35. Schopenhauer, Arthur (January 2004). The Essays of Arthur Schopenhauer On Human Nature. On Human Nature. But it is Schadenfreude, a mischievous delight in the misfortunes of others, which remains the worst trait in human nature. It is a feeling which is closely akin to cruelty, and differs from it, to say the truth, only as theory from practice.
  36. Harold S. Kushner (1981). When Bad Things Happen to Good People. first published by Schocken Books. p. 39.
  37. Cited in Portmann, John (2000). When bad things happen to other people. New York: Routledge. ISBN 978-0-415-92335-4.
  38. St. John, Warren (24 August 2002). "Sorrow So Sweet: A Guilty Pleasure in Another's Woe". The New York Times.
  39. Leach, C.; Spears, R.; Branscombe, N. R.; Doosje, B. (2003). "Malicious pleasure: Schadenfreude at the suffering of another group" (PDF). Journal of Personality and Social Psychology. 84 (5): 932–943. doi:10.1037/0022-3514.84.5.932. hdl:1808/248.
  40. Cikara, Mina; Botvinick, Matthew M.; Fiske, Susan T. (2011-03-01). "Us Versus Them Social Identity Shapes Neural Responses to Intergroup Competition and Harm". Psychological Science. 22 (3): 306–313. doi:10.1177/0956797610397667. ISSN 0956-7976. PMC 3833634. PMID 21270447.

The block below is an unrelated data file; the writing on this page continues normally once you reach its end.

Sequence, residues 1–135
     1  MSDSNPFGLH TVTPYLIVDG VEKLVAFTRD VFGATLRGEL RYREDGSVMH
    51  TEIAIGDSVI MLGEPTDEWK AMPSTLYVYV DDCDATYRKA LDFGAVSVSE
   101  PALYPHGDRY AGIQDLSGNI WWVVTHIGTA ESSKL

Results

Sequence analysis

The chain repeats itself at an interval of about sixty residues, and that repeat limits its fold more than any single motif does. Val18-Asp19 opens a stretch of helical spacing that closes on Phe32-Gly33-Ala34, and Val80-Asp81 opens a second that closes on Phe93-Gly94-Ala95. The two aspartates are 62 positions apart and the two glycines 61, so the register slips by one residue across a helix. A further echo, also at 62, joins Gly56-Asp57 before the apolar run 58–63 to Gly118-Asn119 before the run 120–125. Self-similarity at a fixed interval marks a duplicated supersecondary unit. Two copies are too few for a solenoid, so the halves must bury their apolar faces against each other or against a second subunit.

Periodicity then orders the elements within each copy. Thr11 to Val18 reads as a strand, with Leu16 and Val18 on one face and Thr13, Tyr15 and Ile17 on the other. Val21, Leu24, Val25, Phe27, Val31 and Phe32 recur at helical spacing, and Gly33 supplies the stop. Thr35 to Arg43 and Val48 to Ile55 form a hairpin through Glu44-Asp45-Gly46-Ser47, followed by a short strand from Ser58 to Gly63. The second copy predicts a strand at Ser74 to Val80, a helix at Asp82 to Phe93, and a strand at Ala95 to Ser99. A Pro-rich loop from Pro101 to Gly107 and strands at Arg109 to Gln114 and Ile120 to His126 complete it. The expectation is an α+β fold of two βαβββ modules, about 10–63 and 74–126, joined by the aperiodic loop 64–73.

41. Singer T; Seymour B; O'Doherty JP; Stephan KE; Dolan RJ; Frith CD (January 2006). "Empathic neural responses are modulated by the perceived fairness of others". Nature. 439 (7075): 466–9. Bibcode:2006Natur.439..466S. doi:10.1038/nature04271. PMC 2636868. PMID 16421576. Lay-summary Archived April 16, 2009, at the Wayback Machine
  42. Takahashi, H.; Kato, M.; Matsuura, M.; Mobbs, D.; Suhara, T.; Okubo, Y. (2009-02-13). "When Your Gain Is My Pain and Your Pain Is My Gain: Neural Correlates of Envy and Schadenfreude". Science. 323 (5916): 937–9. Bibcode:2009Sci...323..937T. doi:10.1126/science.1165604. PMID 19213918.
  43. Angier, Natalie (17 February 2009). "In Pain and Joy of Envy, the Brain May Play a Role". The New York Times.
  44. Combs, D. J. Y.; Powell, C. A. J.; Schurtz, D. R.; Smith, R. H. (2009). "Politics, schadenfreude, and ingroup identification: The sometimes happy things about a poor economy and death" (PDF). Journal of Experimental Social Psychology. 45 (4): 635–646. doi:10.1016/j.jesp.2009.02.009.


 This article incorporates text from a free content work. Licensed under CC BY 4.0 License statement: Open Access Subset, PubMed Central. To learn how to add open license text to Wikipedia articles, please see this how-to page. For information on reusing text from Wikipedia, please see the terms of use.

Further reading

  • Smith, Richard H. 2013. The Joy of Pain: Schadenfreude and the Dark Side of Human Nature. Oxford University Press. ISBN 978-0-19-973454-2
This article is issued from Wikipedia. The text is licensed under Creative Commons - Attribution - Sharealike. Additional terms may apply for the media files.